The preemption clause effectuates a broad remedial policy to protect the interests of participants in ERISA-governed plans and their beneficiaries "by establishing standards of conduct, responsibility, and obligation for fiduciaries of employee benefit plans, and by providing for appropriate remedies, sanctions, and ready access to the Federal courts." 29 U.S.C. Sec. 1001(b). Thus, ERISA imposes extensive duties on plan administrators, 29 U.S.C. Secs. 1101-1114, and provides a comprehensive scheme for the criminal and civil enforcement of fiduciary obligations, 29 U.S.C. Secs. 1131-1132.3 To the extent that ERISA redresses the mishandling of benefits claims or other maladministration of employee benefit plans, it preempts analogous causes of action, whatever their form or label under state law. See Dependahl v. Falstaff Brewing Corp., 653 F.2d 1208, 1215-16 (8th Cir.1981) ("If Congress has already provided a remedy [under ERISA], ... the state law is preempted, regardless of whether or not a conflict exists which involves a direct interference by the state law with [ERISA]."). A contrary rule would undermine ERISA's important policy of promoting uniformity in employee benefit laws, reflected in the legislative history, in the Act's declaration of policy, and in the preemption clause itself, by creating the "potential ... for conflicting employer obligations and variable standards of recovery." Holland, at 1147. Accordingly, the state law claims in this case, all of which relate exclusively to alleged breaches of fiduciary responsibility in the administration of C & P's employee benefit plan, "relate to" the plan and, unless an exception applies, are preempted, leaving Powell to such remedies as are available under ERISA.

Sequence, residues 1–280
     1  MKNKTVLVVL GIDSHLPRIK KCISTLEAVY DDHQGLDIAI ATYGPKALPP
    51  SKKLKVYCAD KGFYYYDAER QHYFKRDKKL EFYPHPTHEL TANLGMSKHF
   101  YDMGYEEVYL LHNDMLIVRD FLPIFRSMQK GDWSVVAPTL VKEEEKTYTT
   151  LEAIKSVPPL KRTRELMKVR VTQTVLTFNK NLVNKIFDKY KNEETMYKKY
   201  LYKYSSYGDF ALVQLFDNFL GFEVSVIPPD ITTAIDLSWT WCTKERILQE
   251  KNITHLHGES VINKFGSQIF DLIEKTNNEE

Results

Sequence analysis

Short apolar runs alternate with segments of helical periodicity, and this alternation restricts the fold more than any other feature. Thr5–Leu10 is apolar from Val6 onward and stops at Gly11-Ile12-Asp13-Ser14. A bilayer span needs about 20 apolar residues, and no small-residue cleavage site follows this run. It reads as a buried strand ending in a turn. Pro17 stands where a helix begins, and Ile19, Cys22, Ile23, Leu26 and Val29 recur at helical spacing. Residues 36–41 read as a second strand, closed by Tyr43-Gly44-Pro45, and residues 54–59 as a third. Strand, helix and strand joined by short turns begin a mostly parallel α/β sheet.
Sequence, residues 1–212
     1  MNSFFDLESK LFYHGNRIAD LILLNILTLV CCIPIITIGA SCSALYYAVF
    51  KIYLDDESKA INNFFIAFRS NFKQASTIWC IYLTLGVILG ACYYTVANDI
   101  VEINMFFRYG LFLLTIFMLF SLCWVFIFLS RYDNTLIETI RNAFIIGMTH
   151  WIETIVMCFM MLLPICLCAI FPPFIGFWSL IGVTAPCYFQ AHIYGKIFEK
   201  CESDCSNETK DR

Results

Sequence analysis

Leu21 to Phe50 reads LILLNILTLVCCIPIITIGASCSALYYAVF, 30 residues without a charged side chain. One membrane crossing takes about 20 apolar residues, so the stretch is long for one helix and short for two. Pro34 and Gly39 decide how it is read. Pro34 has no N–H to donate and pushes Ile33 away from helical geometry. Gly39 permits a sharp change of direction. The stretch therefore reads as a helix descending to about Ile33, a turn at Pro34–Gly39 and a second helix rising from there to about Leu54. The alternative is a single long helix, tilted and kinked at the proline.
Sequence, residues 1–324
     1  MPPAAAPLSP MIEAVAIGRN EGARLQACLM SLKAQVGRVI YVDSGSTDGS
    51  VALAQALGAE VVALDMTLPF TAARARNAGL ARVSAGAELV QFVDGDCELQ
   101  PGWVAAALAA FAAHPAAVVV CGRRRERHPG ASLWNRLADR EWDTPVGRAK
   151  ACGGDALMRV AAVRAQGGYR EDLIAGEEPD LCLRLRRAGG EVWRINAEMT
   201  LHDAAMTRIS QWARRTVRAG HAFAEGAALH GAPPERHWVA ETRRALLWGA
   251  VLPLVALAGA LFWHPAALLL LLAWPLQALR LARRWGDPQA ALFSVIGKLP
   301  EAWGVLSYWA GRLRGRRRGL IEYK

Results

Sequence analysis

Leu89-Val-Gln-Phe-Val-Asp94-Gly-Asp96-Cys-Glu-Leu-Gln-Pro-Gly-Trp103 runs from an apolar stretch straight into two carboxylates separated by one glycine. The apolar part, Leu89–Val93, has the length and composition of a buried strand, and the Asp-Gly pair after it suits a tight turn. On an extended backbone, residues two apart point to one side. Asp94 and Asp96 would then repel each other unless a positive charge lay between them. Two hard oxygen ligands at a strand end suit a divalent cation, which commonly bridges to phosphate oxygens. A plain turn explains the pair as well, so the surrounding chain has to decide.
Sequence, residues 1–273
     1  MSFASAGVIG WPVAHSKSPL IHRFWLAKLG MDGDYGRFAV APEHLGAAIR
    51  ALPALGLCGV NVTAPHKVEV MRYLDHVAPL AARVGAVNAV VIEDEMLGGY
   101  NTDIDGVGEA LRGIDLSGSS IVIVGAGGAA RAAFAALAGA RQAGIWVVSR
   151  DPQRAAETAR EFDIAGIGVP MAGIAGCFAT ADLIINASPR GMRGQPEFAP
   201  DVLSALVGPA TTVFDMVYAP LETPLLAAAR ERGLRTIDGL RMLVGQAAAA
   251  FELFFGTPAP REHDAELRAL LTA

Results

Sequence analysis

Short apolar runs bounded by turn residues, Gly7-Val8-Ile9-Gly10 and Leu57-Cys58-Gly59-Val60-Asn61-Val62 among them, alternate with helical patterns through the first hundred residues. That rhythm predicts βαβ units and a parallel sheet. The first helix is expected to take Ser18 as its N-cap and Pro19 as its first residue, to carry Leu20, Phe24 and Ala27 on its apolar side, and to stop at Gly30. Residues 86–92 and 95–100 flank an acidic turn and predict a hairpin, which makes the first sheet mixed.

This analysis comports with several recent Ninth Circuit decisions in which that court concluded that state claims based on the maladministration of employee benefit plans are preempted by ERISA, even where the state statutory and common law under which the claims arise bears no inherent connection with ERISA-governed plans. See Ellenburg v. Brockway, Inc., 763 F.2d 1091, 1095 (9th Cir.1985); Scott v. Gulf Oil Corp., 754 F.2d 1499, 1504-05 (9th Cir.1985); Blau v. Del Monte Corp., 748 F.2d 1348, 1356 (9th Cir.1984); Russell v. Massachusetts Mutual Life Insurance Co., 722 F.2d 482, 487-88 (9th Cir.1983), rev'd on other grounds, --- U.S. ----, 105 S.Ct. 3085, 87 L.Ed.2d 96 (1985). See also Gilbert v. Burlington Industries, Inc., 765 F.2d 320, 327 (2d Cir.1985).


Powell contends that even if her state law claims are within the scope of ERISA's preemption provision, her claims for breach of an implied covenant of good faith and fair dealing and for violations of the Virginia Unfair Trade Practices Act, both of which purport to impose duties on insurers,4 are nevertheless rescued from preemption by an "insurance saving clause," which provides that ERISA does not "exempt or relieve any person from any law of any State which regulates insurance...." 29 U.S.C. Sec. 1144(b)(2)(A). We disagree. The insurance saving clause is limited by the so-called "deemer clause," which provides that no employee benefit plan "shall be deemed to be an insurance company or other insurer ... or to be engaged in the business of insurance ... for purposes of any law of any State purporting to regulate insurance companies [or] insurance contracts...." 29 U.S.C. Sec. 1144(b)(2)(B). Thus, C & P cannot be deemed to be an insurer or otherwise engaged in the business of insurance by virtue of its sponsorship of the Plan and Powell's claims against C & P under state laws regulating insurance are not exempted from preemption by the insurance saving clause.